Reply
Mar 27, 2011 3:27 AM EngiNERD EngiNERD  says:

Hoapres wrote   -  "This stuff has been going on for decades"

Right he is!!!!

I first learned of ESP  -  Engineering Shortage Propaganda in 1989 when the infamous NSF shortage study was leaked.    Wasn't soon thereafter the initial  H-1b legislation was passed ?

Then  several new engineering  societies  surfaced to  proclaim the engineer shortage was a big  lie and H-1b  visa  program   would soon become a problem.

No one listened.  That was twenty years ago 

How many of you ever heard of  AACE?

American Association of Concerned Engineers

It is  long since disbanded.

Then there is   AIE  -  American Insititute Engineers.. yet another group  no longer following American Job Destruction.

Only  www.aea.org  (American Engineers Association)  fights on to  expose ESP  and the   problems h-1b  visas.

  

And for those you willing to surf the NET

  Go  surf.....     Peri  Software   fined

  or try     Google:   Michael  Emmons   Siemens

or this     "sona shah"   h-1b  microsoft

and if you really want something distressing try

Google:    "Kevin Flanagan"   "Bank of America"

 

Reply
Mar 27, 2011 7:12 AM hoapres hoapres  says: in response to EngiNERD

A solitary few have been complaining about the H1B program since day one.  Nothing is likely to change.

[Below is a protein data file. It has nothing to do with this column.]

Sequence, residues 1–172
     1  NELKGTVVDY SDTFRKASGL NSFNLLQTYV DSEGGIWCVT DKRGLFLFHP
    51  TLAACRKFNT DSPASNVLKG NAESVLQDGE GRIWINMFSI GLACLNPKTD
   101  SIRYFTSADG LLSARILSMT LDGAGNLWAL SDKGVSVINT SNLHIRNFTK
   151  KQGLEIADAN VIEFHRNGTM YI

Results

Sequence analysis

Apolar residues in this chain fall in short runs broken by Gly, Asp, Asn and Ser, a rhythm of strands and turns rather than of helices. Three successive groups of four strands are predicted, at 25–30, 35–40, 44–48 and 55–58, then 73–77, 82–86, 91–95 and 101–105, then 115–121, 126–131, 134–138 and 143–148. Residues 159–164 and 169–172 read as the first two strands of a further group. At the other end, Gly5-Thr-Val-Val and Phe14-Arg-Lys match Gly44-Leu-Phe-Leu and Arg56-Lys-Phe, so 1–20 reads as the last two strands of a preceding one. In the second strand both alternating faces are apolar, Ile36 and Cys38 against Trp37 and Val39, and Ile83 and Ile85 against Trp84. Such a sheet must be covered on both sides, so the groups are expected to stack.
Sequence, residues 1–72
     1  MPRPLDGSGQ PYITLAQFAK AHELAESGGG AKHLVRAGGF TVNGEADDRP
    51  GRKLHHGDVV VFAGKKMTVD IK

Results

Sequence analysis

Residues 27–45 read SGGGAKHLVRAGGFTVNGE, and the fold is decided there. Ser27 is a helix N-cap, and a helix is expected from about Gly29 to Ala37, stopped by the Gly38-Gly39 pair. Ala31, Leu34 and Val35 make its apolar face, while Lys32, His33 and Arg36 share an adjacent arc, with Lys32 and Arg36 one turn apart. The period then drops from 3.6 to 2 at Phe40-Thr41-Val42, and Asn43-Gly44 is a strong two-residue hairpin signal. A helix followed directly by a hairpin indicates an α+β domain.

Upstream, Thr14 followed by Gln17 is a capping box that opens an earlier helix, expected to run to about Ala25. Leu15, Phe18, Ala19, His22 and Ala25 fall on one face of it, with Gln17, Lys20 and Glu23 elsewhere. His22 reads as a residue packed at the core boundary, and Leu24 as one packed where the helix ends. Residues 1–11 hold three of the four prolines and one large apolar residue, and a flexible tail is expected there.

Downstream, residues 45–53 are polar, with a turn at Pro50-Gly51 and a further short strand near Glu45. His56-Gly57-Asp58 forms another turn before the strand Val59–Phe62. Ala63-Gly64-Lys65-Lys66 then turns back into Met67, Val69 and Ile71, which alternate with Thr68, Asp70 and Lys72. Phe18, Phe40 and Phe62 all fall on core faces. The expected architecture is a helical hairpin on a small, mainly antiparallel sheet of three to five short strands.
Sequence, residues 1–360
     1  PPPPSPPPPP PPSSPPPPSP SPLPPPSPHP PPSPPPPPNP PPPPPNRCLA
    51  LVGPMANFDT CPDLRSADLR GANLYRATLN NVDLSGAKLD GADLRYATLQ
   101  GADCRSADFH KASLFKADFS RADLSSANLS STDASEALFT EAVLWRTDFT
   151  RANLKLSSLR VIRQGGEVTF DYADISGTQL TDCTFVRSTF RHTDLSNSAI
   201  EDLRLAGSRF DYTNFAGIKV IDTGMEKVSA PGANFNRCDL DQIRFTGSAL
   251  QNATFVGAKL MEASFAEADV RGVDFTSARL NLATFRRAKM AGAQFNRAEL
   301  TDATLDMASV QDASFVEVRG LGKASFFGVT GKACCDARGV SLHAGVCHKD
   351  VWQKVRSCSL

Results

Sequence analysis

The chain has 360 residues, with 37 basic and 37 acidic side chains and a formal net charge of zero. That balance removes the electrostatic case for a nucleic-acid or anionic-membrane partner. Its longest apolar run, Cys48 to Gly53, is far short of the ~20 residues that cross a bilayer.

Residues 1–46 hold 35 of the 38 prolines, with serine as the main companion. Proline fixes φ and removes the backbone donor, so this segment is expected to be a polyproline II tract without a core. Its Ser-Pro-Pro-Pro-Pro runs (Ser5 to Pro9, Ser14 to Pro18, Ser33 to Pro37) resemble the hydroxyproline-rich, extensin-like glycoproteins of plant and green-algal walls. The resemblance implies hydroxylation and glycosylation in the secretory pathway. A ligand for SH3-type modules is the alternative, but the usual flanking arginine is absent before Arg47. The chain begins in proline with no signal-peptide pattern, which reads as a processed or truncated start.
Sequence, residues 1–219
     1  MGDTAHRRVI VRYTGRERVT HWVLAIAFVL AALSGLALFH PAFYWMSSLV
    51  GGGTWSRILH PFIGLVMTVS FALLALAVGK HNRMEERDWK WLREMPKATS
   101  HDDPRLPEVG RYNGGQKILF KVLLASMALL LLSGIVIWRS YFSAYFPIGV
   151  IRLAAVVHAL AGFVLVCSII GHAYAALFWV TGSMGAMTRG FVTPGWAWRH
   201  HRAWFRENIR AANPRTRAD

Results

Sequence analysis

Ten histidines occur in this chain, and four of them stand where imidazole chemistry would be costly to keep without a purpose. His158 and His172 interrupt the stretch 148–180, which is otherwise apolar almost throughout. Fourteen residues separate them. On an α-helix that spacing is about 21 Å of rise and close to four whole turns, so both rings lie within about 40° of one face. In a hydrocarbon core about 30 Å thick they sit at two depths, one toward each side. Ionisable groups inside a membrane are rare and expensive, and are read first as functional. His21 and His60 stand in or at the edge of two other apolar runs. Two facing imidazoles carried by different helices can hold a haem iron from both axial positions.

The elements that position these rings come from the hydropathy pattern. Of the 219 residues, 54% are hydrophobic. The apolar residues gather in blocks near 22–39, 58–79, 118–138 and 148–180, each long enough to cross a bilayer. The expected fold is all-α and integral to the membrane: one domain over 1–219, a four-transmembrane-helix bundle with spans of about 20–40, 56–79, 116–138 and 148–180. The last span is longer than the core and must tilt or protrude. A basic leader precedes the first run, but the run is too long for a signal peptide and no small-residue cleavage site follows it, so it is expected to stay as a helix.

Reply
Mar 27, 2011 8:47 AM Dolores Dolores  says: in response to AG

As usual, Indian reading comprehension has failed here so I'll spell it out: what I said was, India has no business lecturing the US on being bad.

How can anyone say that the caste system is better than the American Indian wars when the caste system has gone on for thousands of years, and the American Indian wars lasted only a tiny fraction of that? And what's the difference between untouchability and slavery when untouchability means being restricted to one or a few low-paid, low-status occupations? When it means being shut out of education? Shut out of religious inclusion? Kept from bettering oneself and punished when one does? These conditions describe the caste system throughout most of its history. What's the difference between this and slavery? 

And, low caste people often faced violence from upper caste people, and still do in many areas. Some violence is to enforce social distinctions, to punish them for being "uppity" and other violence is just because bored, antsy youth can get away with it if they choose a low-caste victim. Other low caste people also faced draconian laws and punishments throughout most of India's history. A sudra who heard the Vedas being recited was supposed to have molten lead poured into his ears.

Who is doing better, our black people or their dalits? Who eats better and is safer in their homes from the majority overclass? Everywhere I have lived in America, there has been a good sized black middle class, with homeowners, college graduates, and professionals. Black does not equal ghetto in America. I have performed years of customer service management for black and other minority customers who outranked and outearned me. But with their Ph.D's and their professional careers, that was to be expected and I was fine with it.

I get really disgusted when a foreigner accuses me of not knowing my history, and then spouts stereotypes and Hollywood drivel.